Investment in Social Protection now will prevent drain of resources in the future

Next week, when the world leaders converge in New York for the annual session of the United Nations General Assembly, the social upheaval in the Middle East and the world over will be on top of their agenda.

Alongside this, the High Level Political Forum under the auspices of the General Assembly will meet on September 24 to look beyond the Millennium Development goals, at the post-2015 agenda.  The outcome of the deliberations at this forum could prove to be a cornerstone in the debate to decide upon the Sustainable Development Goals (SDGs).

The foundation for the discussions has already been extremely well articulated by the High Level Panel on the Post-2015 Development Agenda appointed by the UN Secretary General, Ban Ki-moon. The final report of this High Level Panel, co-chaired by Indonesian President Susilo Bambang Yudhoyono, Liberian President Ellen Johnson Sirleaf and the British Prime Minister David Cameron, has set the tone of discourse saying that “post-2015 agenda is a universal agenda. It needs to be driven by five big transformative shifts.”

The most pertinent point made by the panel is “leave no one behind.” This should be the basis for deciding the forthcoming SDGs. Development will not be achieved if it remains exclusive and afforded to a particular section of the society. As the panel points out in the report: “The 1.2 billion poorest people account for only 1 per cent of world consumption while the billion richest consume 72 per cent.” This demonstrates the social and economic imbalance in the world that needs to be rectified through the new development goals.

Development is an inclusive, holistic process and it can be sustainable only if all sections of the society participate in achieving it. Those left behind so far have to be brought into the process of development, and that is possible only if their inclusion and empowerment becomes a priority in the post-2015 agenda. The emphasis should be on including those who have remained excluded, marginalized, and unheard.

Investing in social protection

The High Level Panel has suggested provision of “social protection to help people build resilience to life’s uncertainties.”

In fact, development is rather an arduous challenge without adequate social protection. Most developed countries provide for a high level of social protection and invest heavily in maintaining it, as it goes a long way in building a strong and productive society that becomes the fulcrum of development and prosperity of any nation.  In spite of the investment in social protection even the developed countries have not been able to eliminate social imbalance and exclusion.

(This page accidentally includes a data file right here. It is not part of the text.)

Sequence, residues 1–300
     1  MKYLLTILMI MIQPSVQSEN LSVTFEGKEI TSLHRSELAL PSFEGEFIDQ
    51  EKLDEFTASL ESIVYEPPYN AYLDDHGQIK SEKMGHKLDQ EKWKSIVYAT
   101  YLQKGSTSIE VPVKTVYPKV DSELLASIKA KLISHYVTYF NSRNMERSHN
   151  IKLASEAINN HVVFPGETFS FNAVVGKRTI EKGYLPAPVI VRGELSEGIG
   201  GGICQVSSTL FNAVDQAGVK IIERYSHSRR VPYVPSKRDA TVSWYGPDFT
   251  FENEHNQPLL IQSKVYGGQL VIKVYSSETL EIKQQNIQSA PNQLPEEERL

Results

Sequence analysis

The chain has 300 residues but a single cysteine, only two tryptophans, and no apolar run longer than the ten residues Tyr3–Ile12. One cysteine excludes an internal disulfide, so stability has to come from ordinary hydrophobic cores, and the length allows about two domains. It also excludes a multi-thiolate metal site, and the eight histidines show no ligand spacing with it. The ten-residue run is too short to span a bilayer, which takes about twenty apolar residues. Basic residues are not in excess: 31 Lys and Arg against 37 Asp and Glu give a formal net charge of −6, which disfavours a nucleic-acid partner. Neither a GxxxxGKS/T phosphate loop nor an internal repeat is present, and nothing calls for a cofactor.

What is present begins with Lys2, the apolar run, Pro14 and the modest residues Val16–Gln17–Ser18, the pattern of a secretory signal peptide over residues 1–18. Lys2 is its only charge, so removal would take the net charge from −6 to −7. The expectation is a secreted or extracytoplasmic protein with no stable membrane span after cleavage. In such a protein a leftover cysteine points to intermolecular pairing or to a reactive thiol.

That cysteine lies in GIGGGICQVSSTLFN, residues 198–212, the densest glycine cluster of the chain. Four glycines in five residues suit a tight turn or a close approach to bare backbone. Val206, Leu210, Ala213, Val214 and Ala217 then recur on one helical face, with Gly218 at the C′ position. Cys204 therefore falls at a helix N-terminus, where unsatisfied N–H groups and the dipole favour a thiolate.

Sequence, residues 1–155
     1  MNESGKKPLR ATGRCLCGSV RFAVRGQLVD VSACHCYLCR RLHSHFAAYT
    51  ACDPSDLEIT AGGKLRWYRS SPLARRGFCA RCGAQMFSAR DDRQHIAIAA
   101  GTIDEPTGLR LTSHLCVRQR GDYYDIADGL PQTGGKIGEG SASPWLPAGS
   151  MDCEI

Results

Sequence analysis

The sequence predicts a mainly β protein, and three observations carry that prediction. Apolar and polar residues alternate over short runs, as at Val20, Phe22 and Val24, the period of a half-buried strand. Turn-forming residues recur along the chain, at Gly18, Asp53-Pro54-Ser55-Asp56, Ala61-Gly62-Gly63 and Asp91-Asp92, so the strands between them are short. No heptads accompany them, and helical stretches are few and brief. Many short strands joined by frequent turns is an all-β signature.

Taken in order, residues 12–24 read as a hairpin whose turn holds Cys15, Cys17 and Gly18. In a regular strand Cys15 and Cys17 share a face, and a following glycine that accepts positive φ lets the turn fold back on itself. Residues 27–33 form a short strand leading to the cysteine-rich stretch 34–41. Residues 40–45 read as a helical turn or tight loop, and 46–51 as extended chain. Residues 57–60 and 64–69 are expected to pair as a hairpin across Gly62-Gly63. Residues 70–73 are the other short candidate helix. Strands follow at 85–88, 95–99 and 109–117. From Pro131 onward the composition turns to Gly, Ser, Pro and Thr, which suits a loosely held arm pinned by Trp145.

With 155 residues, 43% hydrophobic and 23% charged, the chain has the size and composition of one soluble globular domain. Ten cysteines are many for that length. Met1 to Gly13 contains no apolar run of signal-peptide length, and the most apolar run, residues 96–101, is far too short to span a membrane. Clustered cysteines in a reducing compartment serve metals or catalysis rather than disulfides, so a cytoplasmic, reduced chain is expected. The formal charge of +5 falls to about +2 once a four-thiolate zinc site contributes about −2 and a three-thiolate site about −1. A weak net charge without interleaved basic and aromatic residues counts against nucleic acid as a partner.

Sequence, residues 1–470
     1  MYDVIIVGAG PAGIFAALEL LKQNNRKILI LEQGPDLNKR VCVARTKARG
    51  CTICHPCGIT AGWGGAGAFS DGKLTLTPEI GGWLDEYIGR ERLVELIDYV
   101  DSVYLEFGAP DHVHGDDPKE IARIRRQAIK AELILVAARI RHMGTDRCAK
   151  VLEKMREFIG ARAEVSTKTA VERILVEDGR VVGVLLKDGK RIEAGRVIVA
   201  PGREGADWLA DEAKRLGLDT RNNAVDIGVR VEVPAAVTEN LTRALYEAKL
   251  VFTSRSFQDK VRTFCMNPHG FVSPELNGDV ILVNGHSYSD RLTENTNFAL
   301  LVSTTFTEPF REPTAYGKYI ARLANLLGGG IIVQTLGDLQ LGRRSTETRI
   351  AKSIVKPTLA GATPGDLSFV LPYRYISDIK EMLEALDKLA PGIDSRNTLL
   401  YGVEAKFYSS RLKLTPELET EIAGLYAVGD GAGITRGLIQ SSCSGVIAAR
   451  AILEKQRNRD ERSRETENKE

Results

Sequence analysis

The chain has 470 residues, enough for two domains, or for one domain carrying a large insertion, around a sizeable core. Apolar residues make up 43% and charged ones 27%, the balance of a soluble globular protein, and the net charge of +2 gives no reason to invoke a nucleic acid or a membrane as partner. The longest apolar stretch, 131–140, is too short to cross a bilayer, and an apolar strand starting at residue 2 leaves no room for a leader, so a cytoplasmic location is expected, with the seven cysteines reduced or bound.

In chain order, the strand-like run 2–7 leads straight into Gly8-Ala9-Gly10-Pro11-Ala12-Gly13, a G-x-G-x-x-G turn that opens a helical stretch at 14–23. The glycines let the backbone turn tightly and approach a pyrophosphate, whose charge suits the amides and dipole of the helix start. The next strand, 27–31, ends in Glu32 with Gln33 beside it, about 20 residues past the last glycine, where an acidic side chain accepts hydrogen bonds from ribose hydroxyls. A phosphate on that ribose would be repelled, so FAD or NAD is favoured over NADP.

As one of the largest network of 173 social protection organizations that work with children and young people in 141 countries, Child Helpline International has collected data on more than 126 million contacts made with its member child helplines. These contacts were made by children and young people with child helplines seeking advice, care and protection from abuse, violence, neglect, exploitation, social discrimination and psychosocial and mental health issues. These figures, although representing a fraction of the global youth population, underline the challenges young people face in the society around the world.

In the absence of adequate social protection it is likely that many young people may never be able to achieve their full potential and contribute to the society and the nation they belong to. To ensure holistic and sustainable development, it is therefore imperative to invest in policies, programs and schemes for social protection and empowerment of young people.

Young people, girls and women

In the 21st century, we are still struggling with issues of social inequality and justice, which needs to be addressed in the SDGs. The High Level Panel report has mentioned several cross cutting issues that need to be considered while deciding on the SDGs. Concerns of young people, girls and women have been mentioned as one of these issues besides peace, social inequality, climate change, urban centers or cities.

In spite of technological advancement that has shrunk the world and facilitated people to people contact through social media bringing young people from around the world closer to each other, it has done little to end discrimination, marginalization, poverty and violence they face in daily life.